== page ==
Coyote sightings are increasing, and here’s how experts say you can stay safe
TORONTO -- Coyote sightings in parts of Canada have increased this year, with more people reporting sightings in urban areas.
Experts say the higher number of sighting is likely due to a number of factors, including people being at home more during the pandemic. As Canadians start to see more coyotes, here’s what you need to know about the species and how you can stay safe.
According to the Nature Conservancy of Canada, close encounters with coyotes are not uncommon at this time of year since it’s their mating season and they’re looking for food. Due to road developments, many wildlife animals are also being pushed out of their natural habitat and into urban areas, resulting in more coyote sightings.
“Coyotes find their way to residential areas, quite often due to human development in terms of making roads and subdivisions in areas that were exclusively their habitat,” Andrew Holland, spokesperson for the Nature Conservancy of Canada, told CTVNews.ca in a phone interview on Friday. “Juvenile animals are not able to find a territory out in the woods, so it’s looking for whatever it can find for food.”
DO COYOTES POSE A THREAT TO ME?
Holland says that because coyotes have adjusted to living in close proximity to humans, they don’t usually pose a safety risk, however he warns that we should still avoid touching or feeding them.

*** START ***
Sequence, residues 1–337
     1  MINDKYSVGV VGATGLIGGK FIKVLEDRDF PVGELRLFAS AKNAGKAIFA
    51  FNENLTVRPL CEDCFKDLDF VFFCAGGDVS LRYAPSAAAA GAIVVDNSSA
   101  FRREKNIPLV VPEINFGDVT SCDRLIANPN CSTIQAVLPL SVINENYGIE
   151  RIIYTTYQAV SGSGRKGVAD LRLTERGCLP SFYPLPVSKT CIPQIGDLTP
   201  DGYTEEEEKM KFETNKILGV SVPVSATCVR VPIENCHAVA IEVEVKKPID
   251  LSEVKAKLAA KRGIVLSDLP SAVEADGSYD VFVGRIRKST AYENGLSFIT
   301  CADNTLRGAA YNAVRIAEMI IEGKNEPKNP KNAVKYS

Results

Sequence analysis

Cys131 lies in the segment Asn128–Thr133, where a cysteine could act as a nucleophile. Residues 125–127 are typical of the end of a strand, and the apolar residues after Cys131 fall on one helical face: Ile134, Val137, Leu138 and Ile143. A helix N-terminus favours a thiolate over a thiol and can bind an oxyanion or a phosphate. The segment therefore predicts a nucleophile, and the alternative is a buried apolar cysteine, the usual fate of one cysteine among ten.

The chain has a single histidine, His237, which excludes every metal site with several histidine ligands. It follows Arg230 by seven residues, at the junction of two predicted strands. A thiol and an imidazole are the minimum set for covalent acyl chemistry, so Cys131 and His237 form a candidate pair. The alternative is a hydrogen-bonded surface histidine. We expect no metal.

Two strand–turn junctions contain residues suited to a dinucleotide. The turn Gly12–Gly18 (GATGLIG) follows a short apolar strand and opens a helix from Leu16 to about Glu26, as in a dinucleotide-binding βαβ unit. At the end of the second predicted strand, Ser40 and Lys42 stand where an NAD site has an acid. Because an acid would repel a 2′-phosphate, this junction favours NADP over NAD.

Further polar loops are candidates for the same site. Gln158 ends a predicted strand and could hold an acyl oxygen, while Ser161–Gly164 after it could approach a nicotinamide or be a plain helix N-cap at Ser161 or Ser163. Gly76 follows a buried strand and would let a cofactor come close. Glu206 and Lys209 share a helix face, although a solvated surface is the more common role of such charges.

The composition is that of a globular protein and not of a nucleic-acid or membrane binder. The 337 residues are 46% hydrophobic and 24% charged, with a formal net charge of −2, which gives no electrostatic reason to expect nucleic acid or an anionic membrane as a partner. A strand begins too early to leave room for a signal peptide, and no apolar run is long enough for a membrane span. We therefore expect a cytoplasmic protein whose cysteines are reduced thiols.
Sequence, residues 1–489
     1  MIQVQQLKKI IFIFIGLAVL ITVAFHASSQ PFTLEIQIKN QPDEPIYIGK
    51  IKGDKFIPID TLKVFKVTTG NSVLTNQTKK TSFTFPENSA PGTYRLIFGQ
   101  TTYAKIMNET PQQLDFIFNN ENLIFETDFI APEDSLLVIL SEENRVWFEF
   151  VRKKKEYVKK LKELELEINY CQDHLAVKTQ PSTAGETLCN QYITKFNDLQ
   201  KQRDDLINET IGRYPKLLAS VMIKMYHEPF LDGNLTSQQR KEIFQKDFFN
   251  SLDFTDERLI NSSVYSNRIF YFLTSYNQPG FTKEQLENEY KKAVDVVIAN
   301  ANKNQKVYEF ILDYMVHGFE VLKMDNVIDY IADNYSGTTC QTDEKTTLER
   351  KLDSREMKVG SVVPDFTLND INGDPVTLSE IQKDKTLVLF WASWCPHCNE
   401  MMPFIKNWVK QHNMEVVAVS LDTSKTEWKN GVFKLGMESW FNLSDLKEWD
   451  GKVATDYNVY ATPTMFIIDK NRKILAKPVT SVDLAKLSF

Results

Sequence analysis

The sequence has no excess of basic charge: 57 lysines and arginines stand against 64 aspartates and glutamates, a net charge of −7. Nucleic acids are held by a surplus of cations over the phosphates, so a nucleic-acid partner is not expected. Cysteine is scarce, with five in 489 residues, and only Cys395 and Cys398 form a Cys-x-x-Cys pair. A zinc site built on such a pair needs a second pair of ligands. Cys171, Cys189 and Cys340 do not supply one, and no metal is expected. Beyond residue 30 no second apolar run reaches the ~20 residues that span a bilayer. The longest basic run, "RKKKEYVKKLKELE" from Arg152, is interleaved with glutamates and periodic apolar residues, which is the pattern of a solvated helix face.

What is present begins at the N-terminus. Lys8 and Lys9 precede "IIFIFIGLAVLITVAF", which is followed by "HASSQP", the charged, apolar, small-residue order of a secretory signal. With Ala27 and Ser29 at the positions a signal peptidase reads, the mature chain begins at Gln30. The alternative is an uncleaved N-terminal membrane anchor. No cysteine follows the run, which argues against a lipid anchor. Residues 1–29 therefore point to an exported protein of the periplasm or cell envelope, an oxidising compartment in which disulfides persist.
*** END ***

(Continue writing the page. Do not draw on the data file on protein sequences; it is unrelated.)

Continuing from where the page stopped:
“People should take precautions,” said Holland. “Coyotes are scavengers and eat whatever is available to them. People should not feed coyotes.”
WHAT DO I DO IF I ENCOUNTER A COYOTE?
The Ontario Ministry of Natural Resources and Forestry says that if you encounter a coyote, do not turn your back away and run from them. Instead, wave your hands and make lots of noise while backing away. The ministry adds that carrying a flashlight at night could also be helpful.
IS MY PET SAFE? HOW CAN I PROTECT THEM?
Coyote Watch Canada labels coyotes as opportunistic omnivores, meaning their diet usually consists of smaller species like rodents and rabbits, as well as berries and insects. The wildlife organization says that while coyotes might not be able to distinguish a cat between one of their usual preys, dogs are not a common food source. Caution should still be taken however as coyotes often see dogs as a threat to their family or as potential competition for food.
The ministry says that to protect your pets, keep them inside at night and keep their pet food inside. Fencing off your yard can also prevent your pet from roaming off of your property and prevents coyotes from coming in. Lastly, pet owners are encouraged to spay or neuter their dogs because coyotes are attracted to domestic dogs for mating, and to clean up after their remains because coyotes are attracted to dog feces.
HOW CAN I KEEP MY HOME SAFE?
On top of limiting both intentional and unintentional food sources available to them, Holland says that closing off open spaces around your home can prevent unwanted visits from coyotes.
“There are things people can do to reduce the risk, such as not feeding coyotes, keeping garbage containers sealed and locked, feeding pets inside and keeping them indoors, and closing off spaces under porches, decks, and sheds.”
Holland adds that if you’re unable to deal with coyotes that continue to make visits to your home, contact your local Natural Resources department or a licensed nuisance wildlife control officer.